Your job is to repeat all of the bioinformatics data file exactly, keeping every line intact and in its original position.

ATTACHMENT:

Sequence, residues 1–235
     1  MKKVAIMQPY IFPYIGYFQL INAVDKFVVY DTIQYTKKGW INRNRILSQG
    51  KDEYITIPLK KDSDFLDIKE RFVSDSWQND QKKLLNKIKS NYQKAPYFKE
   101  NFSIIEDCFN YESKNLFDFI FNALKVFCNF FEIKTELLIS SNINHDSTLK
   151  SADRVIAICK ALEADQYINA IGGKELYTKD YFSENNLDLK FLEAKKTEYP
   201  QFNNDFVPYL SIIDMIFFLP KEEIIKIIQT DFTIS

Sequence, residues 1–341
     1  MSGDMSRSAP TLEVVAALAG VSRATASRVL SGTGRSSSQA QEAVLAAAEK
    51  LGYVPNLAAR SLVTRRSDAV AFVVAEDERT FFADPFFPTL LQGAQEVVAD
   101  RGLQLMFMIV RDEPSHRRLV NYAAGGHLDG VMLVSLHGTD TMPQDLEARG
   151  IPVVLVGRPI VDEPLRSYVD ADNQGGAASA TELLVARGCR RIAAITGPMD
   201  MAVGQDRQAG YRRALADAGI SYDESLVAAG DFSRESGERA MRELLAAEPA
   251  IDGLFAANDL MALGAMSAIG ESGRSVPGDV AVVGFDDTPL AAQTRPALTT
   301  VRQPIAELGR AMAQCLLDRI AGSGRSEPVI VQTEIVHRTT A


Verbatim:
Sequence, residues 1–235
     1  MKKVAIMQPY IFPYIGYFQL INAVDKFVVY DTIQYTKKGW INRNRILSQG
    51  KDEYITIPLK KDSDFLDIKE RFVSDSWQND QKKLLNKIKS NYQKAPYFKE
   101  NFSIIEDCFN YESKNLFDFI FNALKVFCNF FEIKTELLIS SNINHDSTLK
   151  SADRVIAICK ALEADQYINA IGGKELYTKD YFSENNLDLK FLEAKKTEYP
   201  QFNNDFVPYL SIIDMIFFLP KEEIIKIIQT DFTIS

Sequence, residues 1–341
     1  MSGDMSRSAP TLEVVAALAG VSRATASRVL SGTGRSSSQA QEAVLAAAEK
    51  LGYVPNLAAR SLVTRRSDAV AFVVAEDERT FFADPFFPTL LQGAQEVVAD
   101  RGLQLMFMIV RDEPSHRRLV NYAAGGHLDG VMLVSLHGTD TMPQDLEARG
   151  IPVVLVGRPI VDEPLRSYVD ADNQGGAASA TELLVARGCR RIAAITGPMD
   201  MAVGQDRQAG YRRALADAGI SYDESLVAAG DFSRESGERA MRELLAAEPA
   251  IDGLFAANDL MALGAMSAIG ESGRSVPGDV AVVGFDDTPL AAQTRPALTT
   301  VRQPIAELGR AMAQCLLDRI AGSGRSEPVI VQTEIVHRTT A